Spermatozoa are produced in the seminiferous tubules of the testes in a process called spermatogenesis. Round cells called spermatogonia divide and differentiate eventually to become spermatozoa. During copulation the cloaca or vagina gets inseminated, and then the spermatozoa move through chemotaxis to the ovum inside a Fallopian tube or the uterus.

Spermatozoa Activation

Acrosome reaction on a Sea Urchin cell

Mammalian sperm cells become even more active when they approach an egg cell in a process called sperm activation. Sperm activation has been shown to be caused by calcium ionophores in vitro, progesterone released by nearby cumulus cells and binding to ZP3 of the zona pellucida.

The intiial change is called "hyperactivation", which causes a change in spermatozoa motility. They swim faster and their tail movements become more forceful and erratic.

A recent discovery links hyperactivation to a sudden influx of calcium ion into the tails. The whip-like tail (flagellum) of the sperm is studded with ion channels formed by proteins called CatSper. These channels are selective, allowing only calcium ion to pass. The opening of CatSper channels is responsible for the influx of calcium. The sudden rise in calcium levels causes the flagellum to form deeper bends, propelling the sperm more forcefully through the viscous environment. Sperm hyperactivity is necessary for breaking through two physical barriers that protect the egg from fertilization.

The second process in sperm activation is the acrosome reaction. This involves releasing hyaluronidase to digest cumulus cells surrounding the oocyte and exposing acorsin attatched to the inner membrane of the sperm. The cumulus cells are embedded in a gel-like substance made primarily of hyaluronic acid, and developed in the ovary with the egg and support it as it grows.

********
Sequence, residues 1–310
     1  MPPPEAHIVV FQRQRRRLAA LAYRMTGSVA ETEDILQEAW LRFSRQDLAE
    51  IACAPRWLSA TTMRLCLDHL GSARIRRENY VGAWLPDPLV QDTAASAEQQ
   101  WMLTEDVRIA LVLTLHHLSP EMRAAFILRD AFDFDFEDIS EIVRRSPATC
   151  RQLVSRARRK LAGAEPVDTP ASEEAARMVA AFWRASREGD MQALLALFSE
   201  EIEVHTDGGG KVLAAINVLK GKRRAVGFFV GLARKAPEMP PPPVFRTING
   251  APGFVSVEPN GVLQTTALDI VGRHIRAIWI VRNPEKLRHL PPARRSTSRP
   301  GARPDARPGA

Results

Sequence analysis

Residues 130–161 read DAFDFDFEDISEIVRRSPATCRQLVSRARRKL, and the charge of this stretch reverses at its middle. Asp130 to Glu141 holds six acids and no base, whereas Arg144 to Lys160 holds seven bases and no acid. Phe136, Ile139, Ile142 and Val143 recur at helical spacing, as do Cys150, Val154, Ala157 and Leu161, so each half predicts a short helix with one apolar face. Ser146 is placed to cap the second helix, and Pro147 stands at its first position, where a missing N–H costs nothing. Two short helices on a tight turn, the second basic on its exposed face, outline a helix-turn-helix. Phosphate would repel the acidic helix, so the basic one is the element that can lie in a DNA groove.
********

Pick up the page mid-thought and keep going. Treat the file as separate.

Acrosin digests the zona pellucida and membrane of the oocyte. Part of the sperm's cell membrane then fuses with the egg cell's membrane, and the contents of the head sink into the egg. ZP3, one of the proteins that make up the zona pellucida, binds to a partner molecule on the sperm. This lock-and-key type mechanism is species-specific and prevents the sperm and egg of different species from fusing. There is some evidence that this binding is what triggers the acrosome to release the enzymes that allow the sperm to fuse with the egg.

Upon penetration, the oocyte is said to have become activated. It undergoes its secondary meiotic division, and the two haploid nuclei (paternal and maternal) fuse to form a zygote. In order to prevent polyspermy and minimise the possibility of producing a triploid zygote, several changes to the egg's cell membranes renders them impenetrable shortly after the first sperm enters the egg.


  1. "Timeline: Assisted reproduction and birth control". Retrieved 2006-04-06.
  2. Sumio Ishijima, Shigeru Oshio, Hideo Mohri, "Flagellar movement of human spermatozoa", Gamete research, 1986, vol. 13, no3, pp. 185-197 (27 ref.) [1]
  3. Ward WS, Coffey DS (1991). "DNA packaging and organization in mammalian spermatozoa: comparison with somatic cells". Biol. Reprod. 44 (4): 569–74. doi:10.1095/biolreprod44.4.569. PMID 2043729.
  4. Marilena D'Aurelio et al., "'Heterologous mitochondrial DNA recombination in human cells'", Human Molecular Genetics 2004 13(24):3171-3179; doi:10.1093/hmg/ddh326 [2]
  5. "Sperm clue to 'disease immunity'". BBC News. 2007-12-17.

External links